Britain’s Fittest Farmer 2023: Meet the winners

The winners of the Farmers Weekly Britain’s Fittest Farmer competition have been crowned after battling it out at the finals in Essex.

Among the 31 finalists, the competition was fierce and community spirit strong as they travelled from all corners of the country for a chance to take home one of three coveted titles.

Championing the best of physical and mental wellness within agriculture, each of the finalists took part in a regional qualifier event and telephone interview before the grand finale.

See also: Britain’s Fittest Farmer 2023: The finalists revealed

Men under 40s

John Carlisle, 27, Dumfriesshire

“I’m absolutely over the moon. It’s been a great competition and it’s getting stronger and stronger every year. This is my third year doing it – I was sixth the first time I competed, second last year, and got the win this year,” said Scottish farmer John.

John Carlisle with BFF trophy

© Telling Photography Ltd

“Anyone here today could have won it – all the boys had their strength and it all really came together.”

A seasoned Britain’s Fittest Farmer competitor, he says that his preparation has involved “basically trying to become good at all things”.

He said: “I’ve been doing a lot in the gym and a lot of running, training at home and with a running club to try and create that overall workout with a bit of strength, power, endurance and speed.

“I think it just helps me with the day to day. I mostly work out at night, and it’s a big release. We’ve got a big squad that we work out with and they’re all very competitive. I think that’s been the biggest benefit for me this year, the actual team that I’ve been training with.”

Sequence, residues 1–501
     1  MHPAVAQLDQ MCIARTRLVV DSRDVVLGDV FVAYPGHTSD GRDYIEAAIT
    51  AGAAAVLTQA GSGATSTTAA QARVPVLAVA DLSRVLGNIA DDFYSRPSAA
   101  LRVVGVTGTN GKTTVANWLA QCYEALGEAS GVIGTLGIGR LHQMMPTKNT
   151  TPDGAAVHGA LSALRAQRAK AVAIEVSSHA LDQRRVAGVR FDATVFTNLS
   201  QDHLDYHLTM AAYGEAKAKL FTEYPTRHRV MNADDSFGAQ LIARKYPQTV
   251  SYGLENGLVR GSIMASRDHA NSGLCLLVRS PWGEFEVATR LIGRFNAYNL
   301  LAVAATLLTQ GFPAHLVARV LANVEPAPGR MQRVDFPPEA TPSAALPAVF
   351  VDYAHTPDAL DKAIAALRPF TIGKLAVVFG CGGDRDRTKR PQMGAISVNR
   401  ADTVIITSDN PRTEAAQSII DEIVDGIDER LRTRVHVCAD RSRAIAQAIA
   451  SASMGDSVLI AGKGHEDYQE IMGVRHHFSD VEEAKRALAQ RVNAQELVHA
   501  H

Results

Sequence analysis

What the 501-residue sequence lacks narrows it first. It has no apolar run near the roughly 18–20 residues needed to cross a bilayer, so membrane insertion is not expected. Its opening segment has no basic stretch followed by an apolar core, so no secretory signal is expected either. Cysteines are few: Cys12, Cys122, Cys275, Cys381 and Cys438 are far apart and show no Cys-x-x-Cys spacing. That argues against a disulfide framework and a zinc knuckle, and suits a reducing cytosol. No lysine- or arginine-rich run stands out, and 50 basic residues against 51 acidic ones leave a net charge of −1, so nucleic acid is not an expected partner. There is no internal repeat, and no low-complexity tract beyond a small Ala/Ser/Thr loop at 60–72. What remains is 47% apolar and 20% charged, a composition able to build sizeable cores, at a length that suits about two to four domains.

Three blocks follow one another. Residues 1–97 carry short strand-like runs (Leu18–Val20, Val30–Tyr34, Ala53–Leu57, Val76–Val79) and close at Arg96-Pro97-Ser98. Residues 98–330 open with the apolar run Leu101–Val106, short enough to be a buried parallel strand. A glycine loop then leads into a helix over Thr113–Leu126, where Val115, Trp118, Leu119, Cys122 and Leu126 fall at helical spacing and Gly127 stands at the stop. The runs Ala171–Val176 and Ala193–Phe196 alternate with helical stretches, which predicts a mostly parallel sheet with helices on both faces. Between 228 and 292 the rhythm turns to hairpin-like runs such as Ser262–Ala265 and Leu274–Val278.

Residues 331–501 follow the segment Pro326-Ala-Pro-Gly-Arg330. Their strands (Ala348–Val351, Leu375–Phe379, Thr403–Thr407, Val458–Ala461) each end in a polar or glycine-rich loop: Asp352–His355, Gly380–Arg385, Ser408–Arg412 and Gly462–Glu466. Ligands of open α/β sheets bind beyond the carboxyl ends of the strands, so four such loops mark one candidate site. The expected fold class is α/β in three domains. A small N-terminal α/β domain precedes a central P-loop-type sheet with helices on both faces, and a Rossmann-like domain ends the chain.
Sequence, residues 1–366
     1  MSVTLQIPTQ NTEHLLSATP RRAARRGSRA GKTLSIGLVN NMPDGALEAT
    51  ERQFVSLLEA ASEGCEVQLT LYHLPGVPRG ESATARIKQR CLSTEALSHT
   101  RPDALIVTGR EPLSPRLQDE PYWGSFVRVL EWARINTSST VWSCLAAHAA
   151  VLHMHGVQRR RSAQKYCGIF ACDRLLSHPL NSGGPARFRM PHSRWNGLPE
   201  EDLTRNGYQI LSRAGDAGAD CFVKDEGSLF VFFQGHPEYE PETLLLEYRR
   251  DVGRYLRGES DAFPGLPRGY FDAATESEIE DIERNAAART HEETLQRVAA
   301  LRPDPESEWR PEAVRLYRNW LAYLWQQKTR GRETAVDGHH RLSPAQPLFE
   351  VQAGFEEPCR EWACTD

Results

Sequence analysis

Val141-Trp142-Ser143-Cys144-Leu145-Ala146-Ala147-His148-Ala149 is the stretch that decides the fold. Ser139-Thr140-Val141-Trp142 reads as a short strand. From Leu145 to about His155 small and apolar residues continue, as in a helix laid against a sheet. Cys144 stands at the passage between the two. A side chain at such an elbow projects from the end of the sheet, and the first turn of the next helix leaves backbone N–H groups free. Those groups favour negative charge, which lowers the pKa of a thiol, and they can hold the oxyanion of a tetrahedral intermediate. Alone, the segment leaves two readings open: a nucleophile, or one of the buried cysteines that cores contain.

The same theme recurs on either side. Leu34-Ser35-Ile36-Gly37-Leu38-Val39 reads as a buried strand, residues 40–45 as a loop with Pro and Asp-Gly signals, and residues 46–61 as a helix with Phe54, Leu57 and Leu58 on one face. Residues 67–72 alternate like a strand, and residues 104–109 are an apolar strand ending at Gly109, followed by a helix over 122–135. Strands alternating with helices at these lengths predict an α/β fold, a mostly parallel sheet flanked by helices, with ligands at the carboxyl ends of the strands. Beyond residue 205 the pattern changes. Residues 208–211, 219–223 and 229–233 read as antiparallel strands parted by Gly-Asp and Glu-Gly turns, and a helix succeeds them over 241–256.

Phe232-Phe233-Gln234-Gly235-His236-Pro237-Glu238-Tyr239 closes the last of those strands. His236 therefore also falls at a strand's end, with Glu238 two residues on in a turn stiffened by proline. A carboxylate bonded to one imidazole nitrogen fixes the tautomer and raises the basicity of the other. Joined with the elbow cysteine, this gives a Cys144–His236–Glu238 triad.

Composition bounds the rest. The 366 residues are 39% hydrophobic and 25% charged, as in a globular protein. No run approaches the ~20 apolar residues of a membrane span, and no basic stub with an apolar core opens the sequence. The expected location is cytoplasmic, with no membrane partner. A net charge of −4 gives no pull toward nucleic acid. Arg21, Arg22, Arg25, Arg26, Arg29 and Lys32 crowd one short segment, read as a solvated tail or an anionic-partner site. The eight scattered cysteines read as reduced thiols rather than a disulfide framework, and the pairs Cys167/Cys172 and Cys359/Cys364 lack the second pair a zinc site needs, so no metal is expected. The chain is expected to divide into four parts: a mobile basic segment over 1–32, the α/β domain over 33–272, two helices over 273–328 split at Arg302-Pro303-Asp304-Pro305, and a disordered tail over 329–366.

Aside from his fitness, John is passionate about the family’s beef and sheep farm, where he works alongside his dad and brother, supplying about 100 butchers across Scotland.

He has also recently started a new venture that combines his love of fitness and farming.

“We’ve just started a nutritional meal prep business called Farm to Fork Nutrition, so we’re doing ready-made meals with all of the macros counted, and it’s linked back to the farm, which is a great selling point and story.”

As for his future fitness goals, John already has his sights set on the 2024 Britain’s Fittest Farmer competition.

“Eifion won it last year, and I was second last year and won it this year, so I think we’re both going to have to come back next year and have a shoot-off to see who’s the overall champion!”

Women under 40s

Heidi Wilson, 24, Blackpool

“At the moment it doesn’t feel like reality. When I stepped up to that podium it was like a dream. When I came here today, I said that I would like to podium this year, but come back stronger next year because I thought my strength would still hold me back, so I think it will fully hit me tomorrow,” said veterinary student Heidi.

Heidi Wilson with BFF trophy

© Telling Photography Ltd

Exceeding her own expectations, Heidi said that her main preparation for the event was based around her own personal fitness goals. “I have a crossfit coach, and I train quite intensively for my own progress.

“I love this event for what it is. I came here with no expectations because it was an awesome day out and is so worth it for the people you meet,” she said.

“That’s not underplaying any of the hard work that I do for my crossfit though, and I do struggle with the brute force strength side of things, because crossfit is a bit more skilled.